When it comes to shocking stories, safely ignore them if it didn’t come from what looks like a trusted source. Instead, stay out of trouble and don’t click. “If in doubt, throw it out”, perspectively can be used to help let you think about what you click on. Also, be careful about charity apps. On Facebook, and application called “Causes” is the only legitimately popular app to use for charity donations. Most correct charity ideas are routed through Causes because of how trusted the app is.

  4. TMI on social networks – be careful about how you tell others about places you’re currently staying, eating, or being by yourself (at the office or at home). Using apps such as Foursquare or related, don’t bother using. They are highly insecure to your personal privacy and can result in burglary or worse.
  5. ATM skimmers – fake debit or credit card readers are popping up in random ATM machines around major retailers everywhere. Always look closely before swiping your card, or pressing any buttons. If anything seems out of place, loose, or just doesn’t feel right…Don’t swipe your card, don’t press any pin number, etc. If anything seems funky, ask the cashier to run your card under the counter, or just go to a bank.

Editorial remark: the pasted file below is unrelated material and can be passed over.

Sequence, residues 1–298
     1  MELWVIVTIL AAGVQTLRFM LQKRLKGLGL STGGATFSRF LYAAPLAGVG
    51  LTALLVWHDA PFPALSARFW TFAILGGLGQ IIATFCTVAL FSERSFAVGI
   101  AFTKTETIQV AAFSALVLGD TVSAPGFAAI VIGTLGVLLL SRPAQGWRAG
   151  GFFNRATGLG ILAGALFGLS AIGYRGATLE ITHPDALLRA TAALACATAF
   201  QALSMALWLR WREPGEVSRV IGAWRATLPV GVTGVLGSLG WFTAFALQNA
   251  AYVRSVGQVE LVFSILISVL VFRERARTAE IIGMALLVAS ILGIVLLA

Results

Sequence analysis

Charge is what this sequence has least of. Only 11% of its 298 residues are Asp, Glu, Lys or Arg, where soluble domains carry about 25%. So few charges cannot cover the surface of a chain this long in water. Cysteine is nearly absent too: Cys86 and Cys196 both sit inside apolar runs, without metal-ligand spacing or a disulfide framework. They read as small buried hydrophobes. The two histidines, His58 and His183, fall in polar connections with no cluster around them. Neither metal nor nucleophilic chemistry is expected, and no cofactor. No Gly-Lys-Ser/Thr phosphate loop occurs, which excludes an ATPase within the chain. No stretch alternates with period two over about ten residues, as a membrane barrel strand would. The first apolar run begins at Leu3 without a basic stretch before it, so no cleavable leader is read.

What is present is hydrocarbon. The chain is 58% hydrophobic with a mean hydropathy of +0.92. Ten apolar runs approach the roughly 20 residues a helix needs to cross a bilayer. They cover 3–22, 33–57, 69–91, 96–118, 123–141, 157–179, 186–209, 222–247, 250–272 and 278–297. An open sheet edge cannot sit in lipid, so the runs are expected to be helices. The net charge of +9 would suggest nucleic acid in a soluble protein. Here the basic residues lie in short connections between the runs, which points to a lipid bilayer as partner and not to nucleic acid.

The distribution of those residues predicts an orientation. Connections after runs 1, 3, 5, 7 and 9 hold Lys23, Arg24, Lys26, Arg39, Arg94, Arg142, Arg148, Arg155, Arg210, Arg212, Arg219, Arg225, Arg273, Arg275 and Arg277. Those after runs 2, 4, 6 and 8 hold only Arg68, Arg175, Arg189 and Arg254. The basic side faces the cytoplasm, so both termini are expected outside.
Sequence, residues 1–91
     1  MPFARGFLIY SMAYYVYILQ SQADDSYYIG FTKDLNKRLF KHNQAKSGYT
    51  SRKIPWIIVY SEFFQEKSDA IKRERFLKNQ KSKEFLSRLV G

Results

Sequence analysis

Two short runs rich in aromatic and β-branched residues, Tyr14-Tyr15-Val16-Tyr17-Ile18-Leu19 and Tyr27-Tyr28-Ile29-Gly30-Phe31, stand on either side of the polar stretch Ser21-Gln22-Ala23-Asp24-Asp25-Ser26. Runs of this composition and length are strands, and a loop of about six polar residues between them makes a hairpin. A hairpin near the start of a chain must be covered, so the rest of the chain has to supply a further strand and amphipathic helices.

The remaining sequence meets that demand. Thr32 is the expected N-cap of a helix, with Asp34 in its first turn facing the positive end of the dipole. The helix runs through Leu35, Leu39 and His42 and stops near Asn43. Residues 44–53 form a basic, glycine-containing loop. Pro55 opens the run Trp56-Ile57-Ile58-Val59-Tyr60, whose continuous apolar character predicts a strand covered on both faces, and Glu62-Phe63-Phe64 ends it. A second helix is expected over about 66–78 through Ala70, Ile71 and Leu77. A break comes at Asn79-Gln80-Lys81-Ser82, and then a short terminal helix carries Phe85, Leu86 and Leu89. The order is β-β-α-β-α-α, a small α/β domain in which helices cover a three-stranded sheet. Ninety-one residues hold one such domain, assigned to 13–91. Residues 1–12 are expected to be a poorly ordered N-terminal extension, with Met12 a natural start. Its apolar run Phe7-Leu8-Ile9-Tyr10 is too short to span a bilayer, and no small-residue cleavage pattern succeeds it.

It’s best also to either tell the bank owning the ATM or call the number on the ATM. Let them know the machine can be modified for illegitimate purposes. Lastly, always spread the word to the cashier that the ATM could be modified and to tell customers not to use it.

  6. Unprotected computers and tablets… here’s the solutions for those matters:

PC:

MAC:

ANDROID:

Buy Kaspersky Mobile Security and protect your Android smartphone for 1 Year – only $19.95

How to question security at your company? (mini-whitepaper)